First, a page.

Government forces in Syria should be held together when President Bashar al-Assad is forced from power, the U.S. defense secretary said late Monday, warning that the mistakes of the Iraq war must not be repeated, as clashes raged between rebel fighters and government forces nationwide.
Opposition forces were meeting in Cairo on Tuesday to announce a transitional government. At least 82 people have been killed across Syria on Tuesday by security force gunfire, Syrian Network for Human Rights reported.
Defense Secretary Leon Panetta, in an interview with CNN during a visit to Tunisia, said maintaining stability in Syria would be important under any scenario that sees Assad leave power.
“I think it’s important when Assad leaves, and he will leave, to try to preserve stability in that country,” Panetta said.
“The best way to preserve that kind of stability is to maintain as much of the military and police as you can, along with security forces, and hope that they will transition to a democratic form of government. That's the key,” Reuters reported.
The Bush administration’s decision to disband Iraqi security forces, made shortly after the U.S.-led invasion in 2003, was an important catalyst for the bloody civil war that followed.
Critics said that decision, made by senior Pentagon officials and announced by the head of the U.S. occupation authority at the time, Paul Bremer, set loose tens of thousands of armed, disaffected young men.
Asked whether security forces should remain intact in a post-Assad Syria, or whether they should be disbanded as they were in Iraq, Panetta said it was “very important that we don't make the same mistakes we made in Iraq.”
Clashes rage between rebel fighters and government forces in Syria as the country’s divided opposition seeks to oust Assad in a 16-month-old revolt that shows no signs of nearing a conclusion.
Government forces have been pounding rebels with tanks and air strikes, and last week Damascus threatened to use chemical weapons if foreign countries intervened in the conflict.
The Obama administration has said it is stepping up assistance to Syrian opposition members, although the support has remained limited to non-lethal equipment.
There are concerns, however, about what might follow Assad in a strategically positioned country rife with religious and ethnic tensions.
“Particularly when it comes to things like the chemical sites, they do a pretty good job of securing those sites,” Panetta said, referring to Syrian forces.
“If they suddenly walked away from that, it would be a disaster to have those chemical weapons fall into the wrong hands, hands of Hezbollah or other extremists in that area.”
Lebanon’s powerful Shiite militant group Hezbollah has publicly tied its fate to Assad.
Meanwhile, the Syrian military has stepped up its campaign to drive rebels out of Aleppo, where fighters said they were holding firm, vowing to turn the country’s largest city into the “grave of the regime.”
Opposition activists denied a government declaration that its forces had recaptured the Salaheddine district, in southwest Aleppo, straddling the most obvious route for Syrian troop reinforcements coming from the south.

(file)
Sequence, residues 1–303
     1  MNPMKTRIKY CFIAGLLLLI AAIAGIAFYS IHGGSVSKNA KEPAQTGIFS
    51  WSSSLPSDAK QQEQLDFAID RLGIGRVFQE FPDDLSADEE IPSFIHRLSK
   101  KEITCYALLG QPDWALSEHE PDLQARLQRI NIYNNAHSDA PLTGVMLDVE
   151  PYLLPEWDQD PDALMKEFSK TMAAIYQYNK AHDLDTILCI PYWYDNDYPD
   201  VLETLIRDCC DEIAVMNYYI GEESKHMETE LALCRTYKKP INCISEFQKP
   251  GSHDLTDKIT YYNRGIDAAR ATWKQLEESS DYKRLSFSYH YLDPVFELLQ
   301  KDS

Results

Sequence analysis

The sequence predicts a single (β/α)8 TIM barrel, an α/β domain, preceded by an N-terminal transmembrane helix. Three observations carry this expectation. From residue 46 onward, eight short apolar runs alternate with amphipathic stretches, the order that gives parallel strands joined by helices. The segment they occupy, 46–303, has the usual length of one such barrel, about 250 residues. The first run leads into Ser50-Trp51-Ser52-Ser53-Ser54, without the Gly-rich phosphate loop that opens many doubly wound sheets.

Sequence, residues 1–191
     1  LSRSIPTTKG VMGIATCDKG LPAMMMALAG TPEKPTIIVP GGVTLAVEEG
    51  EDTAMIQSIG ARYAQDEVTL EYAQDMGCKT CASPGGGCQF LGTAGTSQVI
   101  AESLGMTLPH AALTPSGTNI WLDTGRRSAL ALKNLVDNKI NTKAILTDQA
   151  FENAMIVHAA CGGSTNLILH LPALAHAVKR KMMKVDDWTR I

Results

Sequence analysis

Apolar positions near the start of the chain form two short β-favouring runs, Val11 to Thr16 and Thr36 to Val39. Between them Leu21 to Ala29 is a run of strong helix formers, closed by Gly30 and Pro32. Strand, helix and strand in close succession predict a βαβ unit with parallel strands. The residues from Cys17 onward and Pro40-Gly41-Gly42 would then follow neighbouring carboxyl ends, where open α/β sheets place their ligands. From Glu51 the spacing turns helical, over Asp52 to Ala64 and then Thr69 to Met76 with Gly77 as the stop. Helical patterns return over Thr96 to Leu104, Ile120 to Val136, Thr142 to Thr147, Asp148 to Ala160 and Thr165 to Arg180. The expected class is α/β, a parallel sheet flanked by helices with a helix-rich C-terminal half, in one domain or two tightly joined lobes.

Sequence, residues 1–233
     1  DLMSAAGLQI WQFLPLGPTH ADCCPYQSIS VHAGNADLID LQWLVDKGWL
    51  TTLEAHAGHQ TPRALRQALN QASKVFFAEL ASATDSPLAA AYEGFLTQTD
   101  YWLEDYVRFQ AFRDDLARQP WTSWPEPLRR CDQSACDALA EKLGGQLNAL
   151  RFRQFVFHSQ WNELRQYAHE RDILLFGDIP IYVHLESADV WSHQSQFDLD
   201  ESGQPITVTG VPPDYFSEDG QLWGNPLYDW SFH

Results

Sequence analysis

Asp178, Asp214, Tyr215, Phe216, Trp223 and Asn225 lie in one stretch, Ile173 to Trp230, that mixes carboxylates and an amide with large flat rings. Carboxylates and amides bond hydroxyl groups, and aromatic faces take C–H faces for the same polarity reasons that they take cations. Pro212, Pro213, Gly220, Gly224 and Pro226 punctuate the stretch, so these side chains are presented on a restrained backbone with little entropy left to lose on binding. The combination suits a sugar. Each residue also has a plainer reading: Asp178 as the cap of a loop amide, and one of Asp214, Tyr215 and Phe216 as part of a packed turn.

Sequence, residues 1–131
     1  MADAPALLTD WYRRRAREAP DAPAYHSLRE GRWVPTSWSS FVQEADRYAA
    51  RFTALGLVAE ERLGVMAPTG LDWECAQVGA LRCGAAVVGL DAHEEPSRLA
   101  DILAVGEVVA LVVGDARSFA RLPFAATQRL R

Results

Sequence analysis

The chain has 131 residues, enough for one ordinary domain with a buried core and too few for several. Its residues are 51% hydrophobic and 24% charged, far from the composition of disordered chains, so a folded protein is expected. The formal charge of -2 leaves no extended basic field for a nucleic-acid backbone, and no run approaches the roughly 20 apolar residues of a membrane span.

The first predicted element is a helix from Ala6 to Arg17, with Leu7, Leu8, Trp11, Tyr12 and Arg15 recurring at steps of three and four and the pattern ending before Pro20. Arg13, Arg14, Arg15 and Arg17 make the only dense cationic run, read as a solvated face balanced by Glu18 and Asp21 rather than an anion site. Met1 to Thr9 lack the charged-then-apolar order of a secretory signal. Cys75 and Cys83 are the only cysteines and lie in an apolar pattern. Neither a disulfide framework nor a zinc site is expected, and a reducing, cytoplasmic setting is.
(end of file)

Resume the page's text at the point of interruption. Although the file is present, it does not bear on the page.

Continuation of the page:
Syria’s state television said that government troops had purged Aleppo’s Salaheddine district of armed groups and was pursuing others in several neighborhoods as it tries to regain control of the city.
Aleppo, with a population estimates at 3 million, is shaping up as the biggest test yet of opposition fighters capabilities against Assad’s artillery and air power.
World powers divided over Syria
International and regional efforts have failed to end the violence in Syria, which began in March 2011 and has left more than 19,000 people dead, including 5,000 government troops, according to the Syrian Observatory for Human Rights.
Syrian state forces killed 85 people on Monday, mainly in the capital, Damascus, and Aleppo, according to the Local Coordination Committees (LCC).
Lieutenant General Babacar Gaye, head of the United Nations observer mission in Syria, said he was deeply concerned about the violence in Aleppo.
More than 12 U.N. armored vehicles were attacked and destroyed in Syria as violence spread throughout the country, U.N. Secretary-General Ban Ki-moon told reporters in New York on Monday.
“It is quite fortunate that nobody got injured by these attacks,” Ban said.
About 200,000 people have fled Aleppo and nearby areas in the past two days, according to Valerie Amos, the U.N.’s top humanitarian affairs official.
Saudi officials and citizens donated almost 406 million Saudi riyals ($108 million) by the seventh day of the Saudi National Campaign to Support the Brothers in Syria, which was ordered by King Abdullah bin Abdul Aziz, state-run Saudi Press Agency said on Monday.
Moscow has supported Assad and has shown no sign of abandoning him, blaming the West and Arab countries for stoking the revolt by backing the opposition. Russian Deputy Foreign Minister Gennady Gatilov said on Twitter: “Situation is really critical in Aleppo. It is clear that biased media by all means try to do work for the opposition when the latter fails.”
France said it would ask for an urgent meeting of the U.N. Security Council to try to break the diplomatic deadlock on Syria, but gave no indication that Russia and China would end their longstanding policy of blocking measures against Assad.
Amid growing concern about security on its frontier, Turkey sent at least four convoys of troops, missile batteries and armored vehicles to the border with Syria.
There has been no indication that Turkish forces will cross the border, and the troop movements may just be precautionary in the face of worsening violence in Syria.